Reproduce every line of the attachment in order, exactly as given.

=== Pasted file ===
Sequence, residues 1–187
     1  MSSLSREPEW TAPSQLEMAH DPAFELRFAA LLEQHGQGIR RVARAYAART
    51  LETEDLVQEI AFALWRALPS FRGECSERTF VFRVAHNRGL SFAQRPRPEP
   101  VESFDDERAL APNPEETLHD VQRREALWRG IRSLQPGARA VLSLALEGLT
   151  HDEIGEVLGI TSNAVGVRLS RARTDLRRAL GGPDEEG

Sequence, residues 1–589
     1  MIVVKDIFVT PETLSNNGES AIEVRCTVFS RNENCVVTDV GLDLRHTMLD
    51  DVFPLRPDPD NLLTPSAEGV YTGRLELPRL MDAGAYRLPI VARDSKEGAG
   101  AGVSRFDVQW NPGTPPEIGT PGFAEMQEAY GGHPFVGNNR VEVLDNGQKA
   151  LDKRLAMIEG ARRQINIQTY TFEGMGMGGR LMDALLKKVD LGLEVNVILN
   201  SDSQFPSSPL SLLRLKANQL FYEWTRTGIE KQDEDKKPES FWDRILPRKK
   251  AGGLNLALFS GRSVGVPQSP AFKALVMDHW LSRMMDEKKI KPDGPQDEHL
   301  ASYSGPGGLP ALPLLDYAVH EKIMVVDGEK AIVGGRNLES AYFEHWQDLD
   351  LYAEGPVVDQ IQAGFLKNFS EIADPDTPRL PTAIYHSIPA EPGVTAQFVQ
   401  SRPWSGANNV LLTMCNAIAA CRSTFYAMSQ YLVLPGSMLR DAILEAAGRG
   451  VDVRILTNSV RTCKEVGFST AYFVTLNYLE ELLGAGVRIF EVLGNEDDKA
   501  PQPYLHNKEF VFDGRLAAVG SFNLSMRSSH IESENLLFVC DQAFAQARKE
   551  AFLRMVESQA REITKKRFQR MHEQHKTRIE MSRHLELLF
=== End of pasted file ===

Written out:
Sequence, residues 1–187
     1  MSSLSREPEW TAPSQLEMAH DPAFELRFAA LLEQHGQGIR RVARAYAART
    51  LETEDLVQEI AFALWRALPS FRGECSERTF VFRVAHNRGL SFAQRPRPEP
   101  VESFDDERAL APNPEETLHD VQRREALWRG IRSLQPGARA VLSLALEGLT
   151  HDEIGEVLGI TSNAVGVRLS RARTDLRRAL GGPDEEG

Sequence, residues 1–589
     1  MIVVKDIFVT PETLSNNGES AIEVRCTVFS RNENCVVTDV GLDLRHTMLD
    51  DVFPLRPDPD NLLTPSAEGV YTGRLELPRL MDAGAYRLPI VARDSKEGAG
   101  AGVSRFDVQW NPGTPPEIGT PGFAEMQEAY GGHPFVGNNR VEVLDNGQKA
   151  LDKRLAMIEG ARRQINIQTY TFEGMGMGGR LMDALLKKVD LGLEVNVILN
   201  SDSQFPSSPL SLLRLKANQL FYEWTRTGIE KQDEDKKPES FWDRILPRKK
   251  AGGLNLALFS GRSVGVPQSP AFKALVMDHW LSRMMDEKKI KPDGPQDEHL
   301  ASYSGPGGLP ALPLLDYAVH EKIMVVDGEK AIVGGRNLES AYFEHWQDLD
   351  LYAEGPVVDQ IQAGFLKNFS EIADPDTPRL PTAIYHSIPA EPGVTAQFVQ
   401  SRPWSGANNV LLTMCNAIAA CRSTFYAMSQ YLVLPGSMLR DAILEAAGRG
   451  VDVRILTNSV RTCKEVGFST AYFVTLNYLE ELLGAGVRIF EVLGNEDDKA
   501  PQPYLHNKEF VFDGRLAAVG SFNLSMRSSH IESENLLFVC DQAFAQARKE
   551  AFLRMVESQA REITKKRFQR MHEQHKTRIE MSRHLELLF